All the lingering furbelows on the periphery, glittering

things, diminish: the two car garage you meant to clean out

before summer, the six-pack abs, the sky,

and a photo album we put together, together,

but couldn’t agree on how to remember best

the shared events, so we left it empty and blank.

But look out the window: the hummingbirds are back.

Eight months from now that will be all

you wish to remember anyway.

Intervention: Your Malignancy

I am here today because I love you.

You have a disease and this is how it affects me.

We used to walk along the fence row, touching

everything, believing that with everything touched

molecules or at the very least electrons were being

shared, that somehow we were all in this together,

that even with just a fleeting touch our muscles

would develop memory. So, if one picked a flower—

say, that daisy—and put it behind another’s ear,

this could be repeated over and over and with

every turn we’d be ever better. One morning,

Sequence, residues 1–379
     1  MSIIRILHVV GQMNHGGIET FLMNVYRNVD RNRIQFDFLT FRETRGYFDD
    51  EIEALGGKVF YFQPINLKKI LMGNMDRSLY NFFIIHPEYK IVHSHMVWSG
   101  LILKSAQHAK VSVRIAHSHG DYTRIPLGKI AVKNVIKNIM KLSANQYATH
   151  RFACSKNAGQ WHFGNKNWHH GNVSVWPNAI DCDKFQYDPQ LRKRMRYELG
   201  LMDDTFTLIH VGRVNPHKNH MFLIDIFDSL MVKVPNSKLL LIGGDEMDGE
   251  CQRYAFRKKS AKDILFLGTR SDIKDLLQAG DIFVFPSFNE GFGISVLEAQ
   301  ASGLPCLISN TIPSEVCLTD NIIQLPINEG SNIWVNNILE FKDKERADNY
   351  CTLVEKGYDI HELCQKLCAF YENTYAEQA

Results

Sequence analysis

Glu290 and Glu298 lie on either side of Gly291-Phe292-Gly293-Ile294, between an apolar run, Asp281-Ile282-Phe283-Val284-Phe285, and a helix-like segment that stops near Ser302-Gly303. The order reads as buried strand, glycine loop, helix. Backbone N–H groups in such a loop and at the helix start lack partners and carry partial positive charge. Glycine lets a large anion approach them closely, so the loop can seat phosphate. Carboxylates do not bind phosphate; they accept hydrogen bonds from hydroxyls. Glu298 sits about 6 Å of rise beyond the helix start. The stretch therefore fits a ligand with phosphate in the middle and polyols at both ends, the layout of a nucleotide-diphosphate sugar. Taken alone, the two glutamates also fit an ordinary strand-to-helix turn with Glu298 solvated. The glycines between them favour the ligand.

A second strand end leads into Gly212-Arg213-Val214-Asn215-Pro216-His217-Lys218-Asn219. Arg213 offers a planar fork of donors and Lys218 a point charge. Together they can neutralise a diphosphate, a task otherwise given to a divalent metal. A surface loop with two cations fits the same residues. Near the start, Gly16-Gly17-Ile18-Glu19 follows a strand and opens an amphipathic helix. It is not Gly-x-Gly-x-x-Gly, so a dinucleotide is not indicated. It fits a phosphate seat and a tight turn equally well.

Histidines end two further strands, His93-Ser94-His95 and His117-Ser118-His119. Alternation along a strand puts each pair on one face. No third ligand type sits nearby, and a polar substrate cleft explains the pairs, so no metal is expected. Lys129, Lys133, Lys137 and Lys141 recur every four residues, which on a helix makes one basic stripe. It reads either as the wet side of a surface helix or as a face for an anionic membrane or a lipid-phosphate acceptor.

you woke to find you could only turn left. Walking

in circles, your body was trying to unwind the clock:

stop the ticking and the cancer spits out healthy bone,

retreats back to its origin—some nothing, some

healthy cell with only an underhanded notion that

we pretend isn’t inside of us all—as if the arrow

could leave its target and return to find the bowstring

taut. All this movement becomes only the potential

for actions yet to be realized.

I am here today, touching everything, believing.

Eric Duenez lives in Plymouth, Indiana, with his wonderful girlfriend and four horrible cats. He discovered his love of poetry while earning his English degree at Indiana University South Bend. He enjoys listening to music and drinking craft beer. Revive poetry, revive America.